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Encyclopedia > Matrix trilogy

The Matrix series spans major motion pictures, Japanese-style animation, and video games in an attempt to tell a story that's part science fiction, part modern myth, with elements of cyberpunk, computer science, philosophy of mind, Hinduism, Christianity, Gnosticism, Buddhism, classical mythology, and other influences.

The series began with 1999's The Matrix, continuing in 2003 with several Animatrix episodes released on the official site for the series. In May 2003 (May 15, 2003 in the US), The Matrix Reloaded, the first sequel, was released. Enter the Matrix was released at the same time; it was the first video game related to the films and interspersed gameplay with scenes shot for The Matrix Reloaded which were not featured in the film. On the sequel's heels followed the full Animatrix DVD with nine animated shorts set in the world created by the Wachowski brothers. November 5, 2003 saw both the conclusion to the film trilogy and an unprecedented worldwide release of a major motion picture when The Matrix Revolutions hit cinema screens worldwide at exactly the same time. The Matrix Online, which is a MMORPG that is set to release in 2005, is supposed to conclude the series.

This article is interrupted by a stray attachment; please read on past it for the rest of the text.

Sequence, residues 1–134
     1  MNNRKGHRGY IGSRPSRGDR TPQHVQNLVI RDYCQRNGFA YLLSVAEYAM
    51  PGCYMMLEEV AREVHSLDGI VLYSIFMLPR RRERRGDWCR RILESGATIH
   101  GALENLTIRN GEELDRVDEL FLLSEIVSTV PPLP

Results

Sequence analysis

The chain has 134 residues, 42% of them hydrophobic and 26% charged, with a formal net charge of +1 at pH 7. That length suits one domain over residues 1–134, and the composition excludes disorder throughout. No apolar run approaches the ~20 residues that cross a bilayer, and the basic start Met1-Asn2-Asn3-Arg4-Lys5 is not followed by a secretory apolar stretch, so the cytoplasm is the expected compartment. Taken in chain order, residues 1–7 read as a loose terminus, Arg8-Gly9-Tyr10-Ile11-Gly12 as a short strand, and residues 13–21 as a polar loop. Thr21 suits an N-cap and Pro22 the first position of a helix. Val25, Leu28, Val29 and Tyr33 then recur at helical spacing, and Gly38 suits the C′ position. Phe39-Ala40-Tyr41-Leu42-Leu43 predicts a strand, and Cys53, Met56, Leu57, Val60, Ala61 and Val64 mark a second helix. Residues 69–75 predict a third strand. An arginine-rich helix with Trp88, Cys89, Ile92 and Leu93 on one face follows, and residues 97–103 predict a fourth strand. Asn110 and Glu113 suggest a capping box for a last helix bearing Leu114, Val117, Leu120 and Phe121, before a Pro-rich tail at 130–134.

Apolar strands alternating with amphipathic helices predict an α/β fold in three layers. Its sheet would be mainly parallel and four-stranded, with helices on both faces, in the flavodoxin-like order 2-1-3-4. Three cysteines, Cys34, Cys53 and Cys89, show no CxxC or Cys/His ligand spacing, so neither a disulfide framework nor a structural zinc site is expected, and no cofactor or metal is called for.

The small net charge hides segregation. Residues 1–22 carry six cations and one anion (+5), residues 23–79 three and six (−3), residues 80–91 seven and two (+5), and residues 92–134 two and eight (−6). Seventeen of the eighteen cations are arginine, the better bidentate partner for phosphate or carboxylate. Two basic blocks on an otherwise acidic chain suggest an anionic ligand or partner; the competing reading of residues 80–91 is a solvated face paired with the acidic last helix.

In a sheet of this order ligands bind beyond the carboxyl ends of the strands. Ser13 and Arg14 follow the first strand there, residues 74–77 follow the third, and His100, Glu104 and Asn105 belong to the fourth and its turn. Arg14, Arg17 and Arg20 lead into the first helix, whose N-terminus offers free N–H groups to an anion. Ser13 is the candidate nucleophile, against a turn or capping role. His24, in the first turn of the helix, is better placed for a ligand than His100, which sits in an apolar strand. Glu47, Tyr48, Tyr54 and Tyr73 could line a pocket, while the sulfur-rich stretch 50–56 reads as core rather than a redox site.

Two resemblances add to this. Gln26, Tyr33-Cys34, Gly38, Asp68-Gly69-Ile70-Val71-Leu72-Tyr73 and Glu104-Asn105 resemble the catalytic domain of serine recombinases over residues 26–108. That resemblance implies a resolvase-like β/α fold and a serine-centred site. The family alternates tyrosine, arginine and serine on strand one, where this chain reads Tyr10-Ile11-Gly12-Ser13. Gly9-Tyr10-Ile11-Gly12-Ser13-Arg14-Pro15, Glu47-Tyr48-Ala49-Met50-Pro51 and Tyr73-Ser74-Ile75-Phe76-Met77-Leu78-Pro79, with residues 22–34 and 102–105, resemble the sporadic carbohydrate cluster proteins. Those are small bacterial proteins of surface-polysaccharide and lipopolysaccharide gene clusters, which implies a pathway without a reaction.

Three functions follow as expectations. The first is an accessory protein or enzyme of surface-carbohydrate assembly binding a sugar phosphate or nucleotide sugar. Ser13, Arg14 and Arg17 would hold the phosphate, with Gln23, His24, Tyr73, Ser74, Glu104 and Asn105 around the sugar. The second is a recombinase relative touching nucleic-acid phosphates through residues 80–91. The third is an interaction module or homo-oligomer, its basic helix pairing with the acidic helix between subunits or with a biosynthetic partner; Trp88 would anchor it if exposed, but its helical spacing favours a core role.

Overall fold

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  Results from FactBites:
SparkNotes: The Matrix Trilogy: Philosophical Influences (1269 words)
Four of the most striking philosophical precedents for the Matrix trilogy are Jean Baudrillard’s Simulacra and Simulation, Plato’s allegory of the cave, Socrates’ visit to the Oracle of Delphi, and the work of Descartes.
Thus, the entire concept of the Matrix films can be interpreted as a criticism of the unreal consumer culture we live in, a culture that may be distracting us from the reality that we are being exploited by someone or something, just as the machines exploit the humans in the Matrix for bioelectricity.
Baudrillard’s greatest philosophical influence is Karl Marx, and while the Matrix films do not refer to Marx explicitly, the fact that the inhabitants of the Matrix are exploited by means of an illusion that they all inhabit renders the films closer in spirit to Marx than to any other philosopher.
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